By Michael D. Shear and Perry Bacon Jr.
Washington Post Staff Writers
Monday, September 29, 2008
Sens. John McCain and Barack Obama expressed cautious support for a $700 billion bailout of the nation's biggest financial institutions, though both reserved the right to change their minds after they have reviewed details of the hastily arranged deal.
The candidates made their comments as both prepared to return to the campaign trail after an odd week in which electioneering was interrupted by the economic crisis, McCain's brief pledge to suspend his campaign and the first debate between the two candidates.
Both camps now turn their attention to Thursday's debate between the vice presidential candidates, Alaska Gov. Sarah Palin and Sen. Joseph R. Biden Jr. The debate is sure to prompt particular interest in the performance of Palin, whose limited exposure to tough questions has been criticized by opponents and supporters alike.
McCain's campaign announced that Palin will step off the trail entirely tomorrow and Wednesday as she prepares for her most significant unscripted event of the campaign.
On the economic bailout, McCain said on ABC's "This Week" that he will "swallow hard and go forward" with the plan, adding that it is time to "get this deal off the table, let's get this to the president."
McCain, who returned to Washington last week to help Congress reach a deal, said yesterday that "the option of doing nothing is simply not an acceptable option."
Obama called the need for a bailout "the culmination of a sorry period in our history, in which reckless speculation and greed on Wall Street and lax oversight from Washington led to a meltdown of our financial markets."
Obama said that as president he would order a review of the bailout plan to ensure it meets the principles he sought, including strict oversight and limits on executive pay. But he said a failure to approve the proposal would have "devastating consequences" for the U.S. economy.
"When taxpayers are asked to take such an extraordinary step because of the irresponsibility of a relative few, it is not a cause for celebration," Obama said. "But this step is necessary."
The campaigns continued to squabble over the extraordinary scene of last week's White House meeting on the economy and the sometimes angry negotiations over the bailout package, which culminated in a deal early yesterday.
McCain explained on ABC that he "came back because I didn't want to phone it in. I won't claim a bit of credit if that makes them feel better."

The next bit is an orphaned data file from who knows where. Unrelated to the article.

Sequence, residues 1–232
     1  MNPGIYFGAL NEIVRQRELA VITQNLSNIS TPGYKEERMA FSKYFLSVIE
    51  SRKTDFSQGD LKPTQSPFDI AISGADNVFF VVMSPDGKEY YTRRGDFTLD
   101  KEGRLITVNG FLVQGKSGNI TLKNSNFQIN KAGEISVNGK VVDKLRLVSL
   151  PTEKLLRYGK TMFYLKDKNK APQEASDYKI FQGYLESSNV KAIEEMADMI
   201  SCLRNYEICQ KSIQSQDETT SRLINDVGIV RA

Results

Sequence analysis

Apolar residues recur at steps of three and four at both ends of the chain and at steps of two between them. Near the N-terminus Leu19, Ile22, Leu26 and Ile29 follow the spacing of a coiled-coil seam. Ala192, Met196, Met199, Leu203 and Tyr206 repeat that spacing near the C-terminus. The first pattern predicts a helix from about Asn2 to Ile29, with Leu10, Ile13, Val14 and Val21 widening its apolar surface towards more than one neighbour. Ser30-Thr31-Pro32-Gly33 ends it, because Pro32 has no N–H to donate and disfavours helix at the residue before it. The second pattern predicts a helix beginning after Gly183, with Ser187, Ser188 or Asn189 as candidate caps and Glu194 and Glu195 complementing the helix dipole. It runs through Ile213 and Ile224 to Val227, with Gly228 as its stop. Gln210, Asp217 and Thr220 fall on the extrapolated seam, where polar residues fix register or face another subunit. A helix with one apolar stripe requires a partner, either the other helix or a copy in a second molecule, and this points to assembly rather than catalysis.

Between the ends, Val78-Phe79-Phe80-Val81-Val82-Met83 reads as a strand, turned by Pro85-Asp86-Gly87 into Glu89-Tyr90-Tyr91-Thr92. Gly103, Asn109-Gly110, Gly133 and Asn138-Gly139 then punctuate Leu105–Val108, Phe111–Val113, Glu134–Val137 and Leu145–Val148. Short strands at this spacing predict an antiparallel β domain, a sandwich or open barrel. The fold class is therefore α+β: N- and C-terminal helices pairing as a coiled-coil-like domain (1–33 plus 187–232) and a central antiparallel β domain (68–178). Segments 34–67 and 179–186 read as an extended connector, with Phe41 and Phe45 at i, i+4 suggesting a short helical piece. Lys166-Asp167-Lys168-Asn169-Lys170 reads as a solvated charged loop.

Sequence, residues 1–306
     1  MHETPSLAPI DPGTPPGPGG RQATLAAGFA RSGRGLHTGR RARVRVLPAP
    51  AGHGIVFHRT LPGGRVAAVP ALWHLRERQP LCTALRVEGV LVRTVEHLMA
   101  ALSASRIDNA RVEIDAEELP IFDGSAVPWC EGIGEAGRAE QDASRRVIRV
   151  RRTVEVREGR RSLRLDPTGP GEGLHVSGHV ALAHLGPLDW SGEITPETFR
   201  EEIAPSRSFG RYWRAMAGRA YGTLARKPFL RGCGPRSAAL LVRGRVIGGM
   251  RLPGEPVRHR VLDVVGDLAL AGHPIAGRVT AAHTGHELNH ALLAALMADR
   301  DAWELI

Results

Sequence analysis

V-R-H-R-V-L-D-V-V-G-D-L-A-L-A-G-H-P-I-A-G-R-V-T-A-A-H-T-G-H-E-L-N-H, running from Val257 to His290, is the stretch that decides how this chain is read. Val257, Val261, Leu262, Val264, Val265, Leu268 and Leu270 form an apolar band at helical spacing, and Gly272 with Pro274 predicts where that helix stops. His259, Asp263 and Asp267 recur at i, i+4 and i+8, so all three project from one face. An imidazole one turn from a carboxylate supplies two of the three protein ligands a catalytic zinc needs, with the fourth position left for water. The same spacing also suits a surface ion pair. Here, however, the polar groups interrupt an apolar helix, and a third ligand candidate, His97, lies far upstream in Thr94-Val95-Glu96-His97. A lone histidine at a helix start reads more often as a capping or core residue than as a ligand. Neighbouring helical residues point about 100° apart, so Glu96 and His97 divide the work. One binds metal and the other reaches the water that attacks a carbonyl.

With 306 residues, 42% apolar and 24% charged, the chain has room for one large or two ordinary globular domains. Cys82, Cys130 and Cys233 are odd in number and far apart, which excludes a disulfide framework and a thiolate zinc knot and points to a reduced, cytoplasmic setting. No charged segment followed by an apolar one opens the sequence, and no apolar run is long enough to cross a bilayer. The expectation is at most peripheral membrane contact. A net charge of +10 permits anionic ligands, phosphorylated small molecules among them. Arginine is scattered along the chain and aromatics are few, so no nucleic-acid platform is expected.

But Democrats noted that McCain spent very little time on Capitol Hill talking directly with lawmakers, instead preferring to work the phones from his Crystal City headquarters.
And an Obama spokesman sent out e-mails to reporters noting that, while lawmakers and congressional staff members worked into Saturday night to hammer out the deal, McCain was at CityZen, one of Washington's priciest restaurants.
"After taking 22 hours to get from New York to Washington to pull a pointless political stunt, McCain spent yesterday working the phones -- from his campaign headquarters across the river from the Capitol," said Damien LaVera, a spokesman for the Democratic National Committee.
Campaigning in Detroit, Obama continued to attack McCain, saying the Republican's backing of deregulation laws helped cause the economic crisis.
"You can't make up for 26 years in 26 days," Obama told a crowd of more than 15,000 at a rally in downtown Detroit. "For most of the 26 years, he's been against the common-sense rules and regulations that could have stopped this problem."
And he mocked McCain's initial response to the crisis. "His first response to the greatest financial meltdown in generations was a Katrina-like response," Obama said. "He sort of stood there, said, 'The fundamentals of the economy are strong.' "
Throughout Friday's debate, McCain suggested that Obama didn't "understand" a number of issues, a charge Obama tossed back at his opponent yesterday.
"No, I understand -- you want more of the same," he said, referring to McCain's embrace of some policies advocated by the Bush administration. "A fifth-grader could understand it's more of the same."
A McCain spokesman responded that Obama had "ignored his record of opposing middle-class tax relief" during the rally.
"Barack Obama voted 94 times in just three years for higher taxes," said spokesman Tucker Bounds.
Palin also sparked some controversy over the weekend by saying in response to a question at a campaign stop that U.S. troops in Afghanistan should cross the border into Pakistan to fight terrorism. "If that's what we have to do to stop the terrorists from coming any further in, absolutely, we should," she answered.
Democrats quickly noted that McCain has criticized Obama for a similar answer, including at Friday's debate. In the appearance on ABC, McCain played down the comment, saying: "She would not . . . she understands and has stated repeatedly that we're not going to do anything except in America's national security interest."
Referring to Palin's critics, he added: "They can complain all they want to. The American people have responded to her in a way that's been wonderful. I'm so happy that she is part of the team."